I think the best strategy for an up-and-coming team is knowing stock clues. I personally improved fairly rapidly last year just by reading a packet or more (averaging about 2) per day for a period of a few months; that, and taking about 30-ish specific notes a week (and memorizing them) in practice (notes like "Mary Cassatt painted The Child's Bath" or such). Read good sets in practice; not too easy for your team (ie, don't really practice on SCOP Novice or FNT or anything similar for anything more than entertainment's sake; you've progressed past that point as a team now), but also not too hard (both not to get discouraged and because trying to expand your knowledge base too fast can be as detrimental as not expanding at all). There is plenty of time to prepare for nationals; I'd focus the next months (and weeks, specifically) on regular difficulty tournaments and then ramping up the difficulty 2 months or so before PACE. But depending on your skill level/desire/knowledge base now, this of course is a very flexible timeframe.


Also, as a side note, if you're interested in becoming more than just a one or two year underdog team, pay attention to when people graduate. There's nothing worse than losing a great history player, for example, and having nobody to fill his spot. Focus on your underclassmen; you never know when one of them will surprise you and end up becoming better than the upperclassmen!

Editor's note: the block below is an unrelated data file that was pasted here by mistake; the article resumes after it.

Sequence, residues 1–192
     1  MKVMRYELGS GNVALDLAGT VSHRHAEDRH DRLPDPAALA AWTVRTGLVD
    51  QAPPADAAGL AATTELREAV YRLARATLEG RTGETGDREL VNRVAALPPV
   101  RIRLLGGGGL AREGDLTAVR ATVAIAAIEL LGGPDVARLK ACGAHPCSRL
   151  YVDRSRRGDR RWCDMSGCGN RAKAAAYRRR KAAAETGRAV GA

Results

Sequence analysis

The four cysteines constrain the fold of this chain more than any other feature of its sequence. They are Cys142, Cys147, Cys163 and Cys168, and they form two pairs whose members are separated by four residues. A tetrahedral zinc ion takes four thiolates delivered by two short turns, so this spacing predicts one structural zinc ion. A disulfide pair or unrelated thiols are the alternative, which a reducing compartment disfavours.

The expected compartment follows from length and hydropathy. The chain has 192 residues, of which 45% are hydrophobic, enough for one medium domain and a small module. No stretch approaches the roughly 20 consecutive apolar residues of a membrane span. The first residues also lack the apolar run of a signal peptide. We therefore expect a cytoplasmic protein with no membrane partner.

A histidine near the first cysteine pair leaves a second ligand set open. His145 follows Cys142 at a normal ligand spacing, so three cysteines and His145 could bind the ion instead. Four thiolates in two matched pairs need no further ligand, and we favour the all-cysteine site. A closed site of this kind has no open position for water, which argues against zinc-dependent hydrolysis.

Jordan Kuhn, Christiansburg High School (Christiansburg, VA), class of 2014.

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Kafkaesque
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Re: What is the best method for rapid improvement?

Post by Kafkaesque »

@JordanKuhn: Hey! Great job at the tournament! It's no surprise that your team hadn't heard of us before this year, as we've really been a middling, VHSL-only team for most of our quizbowl history (though back in 2004, we did get second at AA states!). Your impression that my whole team is willing to study is correct; we've got a great group that is wholeheartedly ready to improve.

Thanks for the suggestions with regard to graduating seniors! At current, our A team is composed of two juniors, a sophomore, and senior (however, when we played you, we were missing our senior, so instead we played another sophomore). We've been doing our best to cultivate younger talent, and while we haven't been entirely successful yet, I hope that we will find some diamonds in the rough. I'm glad that it is possible to improve fairly quickly through nothing more than regular packet-studying; I'll be sure to do that along with a few of the other suggested tactics over the next few months. Again, thanks for the tips.
Mason Hale
Loudoun County '14
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i never see pigeons in wheeling
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Re: What is the best method for rapid improvement?

Post by i never see pigeons in wheeling »